A company that helps manufacturing plants become more productive is spotlighting more than 100,000 products in a traveling technology facility being towed by barge to various U.S. destinations.
A modular, two-story building—dubbed the exiderdome—encompasses more than 10,000 ft (3050 m) of space. The unusual technology showcase brings Siemens Energy & Automation productivity solutions to customers and potential clients in atypical fashion.
“You could never take this 500-ton barge with the breadth of technology we have in this space and move it into someone's office,” Raj Batra, Vice President of Automation and Motion Division for Siemens Energy & Automation, said during the exiderdome’s recent Detroit stopover. You might see subsets of this technology expo being presented or possibly see a PowerPoint view of what all of this technology does inside an office environment.”
Siemens’ exiderdome represents a unique way "for people to engage with industry experts and talk about the problems and issues they have in the manufacturing space, and it gives people an opportunity to see 137,000 products," said Batra. On a global tour since 2005, the exiderdome hit U.S. shores in 2008. The building-atop-a-barge includes eight product rooms, conference rooms, and two atriums used for training sessions, multimedia presentations, and other purposes.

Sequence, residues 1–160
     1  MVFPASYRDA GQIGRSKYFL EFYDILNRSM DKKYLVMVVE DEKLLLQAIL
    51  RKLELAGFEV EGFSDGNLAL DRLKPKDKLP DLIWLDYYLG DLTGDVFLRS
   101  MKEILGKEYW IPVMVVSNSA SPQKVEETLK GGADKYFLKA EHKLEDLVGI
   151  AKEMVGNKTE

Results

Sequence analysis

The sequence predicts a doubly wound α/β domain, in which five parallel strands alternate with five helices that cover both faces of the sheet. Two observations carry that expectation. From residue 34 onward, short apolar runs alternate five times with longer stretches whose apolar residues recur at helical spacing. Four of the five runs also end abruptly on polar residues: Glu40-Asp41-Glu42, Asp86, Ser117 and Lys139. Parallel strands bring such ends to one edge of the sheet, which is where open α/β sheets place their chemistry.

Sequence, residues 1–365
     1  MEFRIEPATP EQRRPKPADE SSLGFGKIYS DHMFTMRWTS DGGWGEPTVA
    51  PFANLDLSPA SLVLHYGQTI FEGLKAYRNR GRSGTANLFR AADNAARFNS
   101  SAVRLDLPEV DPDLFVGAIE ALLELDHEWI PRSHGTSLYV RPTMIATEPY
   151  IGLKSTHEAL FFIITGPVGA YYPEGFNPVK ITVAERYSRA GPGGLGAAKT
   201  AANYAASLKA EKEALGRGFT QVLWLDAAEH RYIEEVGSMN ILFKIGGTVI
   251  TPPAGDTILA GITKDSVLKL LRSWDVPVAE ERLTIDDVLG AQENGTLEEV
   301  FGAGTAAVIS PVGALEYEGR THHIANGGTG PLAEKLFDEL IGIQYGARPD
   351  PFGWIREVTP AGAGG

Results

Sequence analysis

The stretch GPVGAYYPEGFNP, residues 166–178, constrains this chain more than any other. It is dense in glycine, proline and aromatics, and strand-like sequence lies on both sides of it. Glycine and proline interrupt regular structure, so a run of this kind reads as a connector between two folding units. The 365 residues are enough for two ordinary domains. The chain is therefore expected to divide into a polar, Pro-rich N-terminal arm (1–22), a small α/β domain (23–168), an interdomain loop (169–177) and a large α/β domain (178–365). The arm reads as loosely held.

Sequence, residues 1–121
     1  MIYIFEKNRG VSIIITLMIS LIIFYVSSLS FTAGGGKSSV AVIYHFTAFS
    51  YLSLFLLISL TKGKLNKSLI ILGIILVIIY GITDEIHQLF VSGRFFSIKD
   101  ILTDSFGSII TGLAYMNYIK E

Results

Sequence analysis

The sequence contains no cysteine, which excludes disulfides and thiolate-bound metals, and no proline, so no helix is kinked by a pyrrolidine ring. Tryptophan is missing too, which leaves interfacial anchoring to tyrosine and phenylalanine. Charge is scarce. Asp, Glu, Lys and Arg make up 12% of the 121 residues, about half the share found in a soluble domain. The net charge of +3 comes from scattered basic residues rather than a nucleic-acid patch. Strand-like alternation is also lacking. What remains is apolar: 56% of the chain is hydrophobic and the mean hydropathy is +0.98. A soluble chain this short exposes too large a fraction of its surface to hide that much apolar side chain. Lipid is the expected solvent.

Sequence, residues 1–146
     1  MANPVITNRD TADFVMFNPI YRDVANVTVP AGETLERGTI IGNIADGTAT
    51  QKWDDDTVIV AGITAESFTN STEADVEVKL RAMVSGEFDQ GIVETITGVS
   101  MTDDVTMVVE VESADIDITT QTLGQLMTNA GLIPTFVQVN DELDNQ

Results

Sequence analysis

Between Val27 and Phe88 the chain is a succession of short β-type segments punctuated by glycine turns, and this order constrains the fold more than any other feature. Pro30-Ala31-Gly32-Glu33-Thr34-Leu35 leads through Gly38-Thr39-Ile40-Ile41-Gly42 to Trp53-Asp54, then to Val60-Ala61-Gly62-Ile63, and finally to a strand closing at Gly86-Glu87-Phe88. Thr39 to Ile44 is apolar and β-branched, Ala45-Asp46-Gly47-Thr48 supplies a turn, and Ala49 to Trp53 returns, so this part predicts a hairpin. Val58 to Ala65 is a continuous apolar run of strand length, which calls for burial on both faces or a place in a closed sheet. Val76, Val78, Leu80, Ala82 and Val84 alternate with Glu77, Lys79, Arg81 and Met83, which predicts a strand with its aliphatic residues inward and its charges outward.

Offshore, the company puts its products into the hands of various land-based customers, including Volkswagen, Kia, Hyundai, Ford, Chrysler, General Motors, and BMW.
“BMW in South Carolina is probably one of our biggest programs occurring at the moment,” said Batra. Siemens is delivering automated conveyor systems and end-of-the-line testing systems for the German automaker’s newly expanded assembly facility in Spartanburg, SC. The company is also handling mechanical design work and is serving as the general contractor for the mechanical and electrical integration of the plant project.
Batra pointed out that the work Siemens is doing at BMW's plant in South Carolina is "a great example of how we're marrying the graphical design and modeling of assembly plants with manufacturing technology. With digital manufacturing, it’s about modeling and simulating everything before anything is actually put in production."
PROFINET, the international open industrial ethernet standard for automation, and Siemens’ Totally Integrated Automation platform are part of the implementation package at BMW’s South Carolina plant.
In addition to the many digital manufacturing exhibits on display inside the exiderdome, the traveling expo is emphasizing ways for companies to reduce the carbon footprint at production facilities.
"This was largely ignored in the past because it was only 2 to 3% of the operating cost. Today, this is a front-and-center issue, and we have in this exiderdome the technology that manages the software utilization of industrial motors, which in turn enables energy costs to be cut by 10 to as much as 50% in certain cases," said Batra.